After 11 Years Off The Air, "Court TV" Is Back (And Better Than Ever)

True crime lovers, rejoice! After over a decade, Court TV is back and it seems, it's better than ever!

11 years ago, trial observers watched in sadness as their beloved Court TV (the only place to get their fill of real courtroom procedures at the time) was taken over by truTV, a reality-comedy channel with the tagline "Funny because it's tru."

And just like that, trial footage gave way to shows like "Impractical Jokers", "Billy on the Street", "The Carbonaro Effect" and "Adam Ruins Everything." Slapstick humor trumped justice. Gone were "Cops", "Homicide: Life On The Street", "Forensic Files" and more. Founded in Dec. 1990 and officially launched in 1991, Court TV hit the air waves running with infamous cases that still have people talking today. Eric and Lyle Menendez's as well as O.J. Simpson's murder trials were some of the first footage shown on the network.

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For those truTv fans out there, no need to worry. truTV continues to run strong and completely independent from the old network. The newly-launched Court TV is now powered by the Atlanta-based Katz Networks. The channel offers free 24-hour network live streaming, "gavel-to-gavel coverage" to borrow a phrase from Court TV. Viewers can visit the website, download the new app by Katz Broadcasting, LLC or tune into various cable/broadcast channels to get their fix of the long-awaited return of the true crime channel.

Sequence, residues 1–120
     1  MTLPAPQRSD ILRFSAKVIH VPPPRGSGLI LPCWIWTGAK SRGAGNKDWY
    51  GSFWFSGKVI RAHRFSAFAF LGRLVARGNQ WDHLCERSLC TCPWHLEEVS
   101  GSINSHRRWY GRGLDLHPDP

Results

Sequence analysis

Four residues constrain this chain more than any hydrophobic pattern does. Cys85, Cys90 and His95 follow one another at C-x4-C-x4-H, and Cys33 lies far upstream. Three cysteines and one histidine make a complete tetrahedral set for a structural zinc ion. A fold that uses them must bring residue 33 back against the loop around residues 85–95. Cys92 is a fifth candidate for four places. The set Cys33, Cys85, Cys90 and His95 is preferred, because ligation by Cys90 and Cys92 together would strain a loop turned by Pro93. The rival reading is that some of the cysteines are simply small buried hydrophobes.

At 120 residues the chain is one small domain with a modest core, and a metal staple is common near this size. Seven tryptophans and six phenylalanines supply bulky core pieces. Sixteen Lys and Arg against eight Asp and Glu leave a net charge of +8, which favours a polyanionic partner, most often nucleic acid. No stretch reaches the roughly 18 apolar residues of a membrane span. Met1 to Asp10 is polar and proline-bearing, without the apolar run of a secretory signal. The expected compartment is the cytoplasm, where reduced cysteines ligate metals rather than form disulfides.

Currently streaming is coverage of the San Diego courtroom proceedings of CA v. Winslow II. Star NFL athlete Kellen Winslow Jr. has been accused of assault against multiple women and the Court TV talent all have plenty to say about it, on all sides.

Speaking of talent, 70 people have gained employment with the new launch of Court TV including VP/managing editor John Alleva, 4 anchors and 3 on the scene reporters. EMMY award-winning legal journalist and original Court TV correspondent Vinnie Politan, former HLN "Crime and Justice" correspondent Seema Iyer, former legal editor and anchor for CBS Pittsburgh Julie Grant and accomplished trial attorney Yodit Tewolde serve as anchors for the Court TV ship while former CNN and ABC correspondent Ted Rowlands, former deputy prosecutor Chanley Painter and attorney and journalist Julia Jenaé serve as reporters.



Now that Court TV has emerged into an interactive world with Twitter and live streaming, the new segments show that the channel will adapt well in this environment that has aged 11 years. Vinnie Politan offers viewers to get interactive by asking a "13th juror" question everyday. Viewers can become the virtual/honorary 13th juror in the trial by voting on Court TV's Facebook page. Politan later reveals the results of the poll on one of the shows he hosts.

Though it's clear that Court TV is ready to keep up with the times, some things haven't changed too much. Bell + Howell commercials pepper the courtroom drama peddling tactical flashlights and sunglasses along with ads for hair removal and senior care life insurance. For those who missed Court TV, it's likely they'll relish the nostalgia, stale commercials and all.

Welcome back, Court TV! It's been far too long! Thanks for reading or as Politan says, "goodnight and don't forget to hug the kids."

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